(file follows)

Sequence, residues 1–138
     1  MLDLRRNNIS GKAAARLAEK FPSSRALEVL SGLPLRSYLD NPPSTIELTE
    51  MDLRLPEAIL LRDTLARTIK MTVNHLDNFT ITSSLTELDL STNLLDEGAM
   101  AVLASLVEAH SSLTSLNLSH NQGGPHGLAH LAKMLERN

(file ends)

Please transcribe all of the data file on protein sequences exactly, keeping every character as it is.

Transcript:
Sequence, residues 1–138
     1  MLDLRRNNIS GKAAARLAEK FPSSRALEVL SGLPLRSYLD NPPSTIELTE
    51  MDLRLPEAIL LRDTLARTIK MTVNHLDNFT ITSSLTELDL STNLLDEGAM
   101  AVLASLVEAH SSLTSLNLSH NQGGPHGLAH LAKMLERN